THUNDER BAY – Nishnawbe Aski Nation (NAN) Grand Chief Alvin Fiddler says the Government of Canada has taken a meaningful step towards reconciliation with Indigenous Peoples with several significant funding commitments in Budget 2018.
“I am pleased with several aspects of this budget, especially the federal government’s long-awaited commitment to support Indigenous children in the child welfare system. We are disappointed that no new significant investments were made for housing, and specific details are needed on many of these allocations, but Budget 2018 contains significant investments to improve the well-being of our people and communities,” said Grand Chief Alvin Fiddler.
NAN is encouraged by the following commitments:
- $235 million for health transformation, with a focus on supporting models of self-determination, part of Canada’s commitment under the Weeneebayko Area Health Integration Framework Agreement to continue the process of developing health service delivery across NAN territory. This includes a significant contribution for a new hospital on the James Bay coast serving the Mushkegowuk communities.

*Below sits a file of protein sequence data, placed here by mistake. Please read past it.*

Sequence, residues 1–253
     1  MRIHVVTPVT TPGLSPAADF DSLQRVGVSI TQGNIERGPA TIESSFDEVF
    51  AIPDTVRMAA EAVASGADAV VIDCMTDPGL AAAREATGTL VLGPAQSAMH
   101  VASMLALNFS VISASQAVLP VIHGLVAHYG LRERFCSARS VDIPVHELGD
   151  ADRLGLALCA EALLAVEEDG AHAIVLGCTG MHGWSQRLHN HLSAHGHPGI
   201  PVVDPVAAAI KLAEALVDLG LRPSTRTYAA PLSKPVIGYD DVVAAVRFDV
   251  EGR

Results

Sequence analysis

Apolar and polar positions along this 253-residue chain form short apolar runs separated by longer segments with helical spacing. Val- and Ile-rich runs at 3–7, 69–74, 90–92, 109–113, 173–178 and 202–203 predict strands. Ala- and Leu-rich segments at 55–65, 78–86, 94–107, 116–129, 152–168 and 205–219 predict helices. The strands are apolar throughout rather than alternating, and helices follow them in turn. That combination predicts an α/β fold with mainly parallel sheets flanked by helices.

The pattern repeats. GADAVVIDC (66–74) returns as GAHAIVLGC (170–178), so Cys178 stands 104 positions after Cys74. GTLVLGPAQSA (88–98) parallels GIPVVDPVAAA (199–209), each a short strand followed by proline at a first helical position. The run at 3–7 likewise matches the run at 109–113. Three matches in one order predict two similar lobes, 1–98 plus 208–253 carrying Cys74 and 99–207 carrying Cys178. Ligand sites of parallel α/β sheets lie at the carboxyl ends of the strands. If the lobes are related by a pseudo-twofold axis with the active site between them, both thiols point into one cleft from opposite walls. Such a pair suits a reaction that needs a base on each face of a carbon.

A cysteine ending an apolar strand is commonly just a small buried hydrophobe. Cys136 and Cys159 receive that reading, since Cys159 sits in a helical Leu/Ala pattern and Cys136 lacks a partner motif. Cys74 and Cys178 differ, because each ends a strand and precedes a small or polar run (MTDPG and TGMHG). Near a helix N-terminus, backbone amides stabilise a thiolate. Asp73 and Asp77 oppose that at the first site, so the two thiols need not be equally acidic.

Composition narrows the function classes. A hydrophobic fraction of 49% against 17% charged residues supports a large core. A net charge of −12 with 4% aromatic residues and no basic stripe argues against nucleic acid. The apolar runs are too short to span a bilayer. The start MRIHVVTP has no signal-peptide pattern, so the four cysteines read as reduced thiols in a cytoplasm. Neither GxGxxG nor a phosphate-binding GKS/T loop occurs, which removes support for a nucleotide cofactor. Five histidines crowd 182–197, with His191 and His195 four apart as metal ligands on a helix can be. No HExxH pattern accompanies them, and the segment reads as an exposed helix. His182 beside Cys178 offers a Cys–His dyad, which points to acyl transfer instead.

- $1.4 billion (over five years) for Indigenous child welfare to keep families together and to focus on prevention of apprehension.
- $248.6 million (over three years) to support access to mental health and emotional support services for Indian Residential School survivors and their families.
- $5 million to support the Gord Downie and Chanie Wenjack Fund and to advance reconciliation initiatives.
- Promotion of equal access to training and jobs for Indigenous women.
“Budget 2018 is people-focused and provides much-needed support for our women, youth, and survivors of the Indian Residential School system. We look forward to working with our federal Treaty partner to turn these commitments into action,” concluded Fiddler.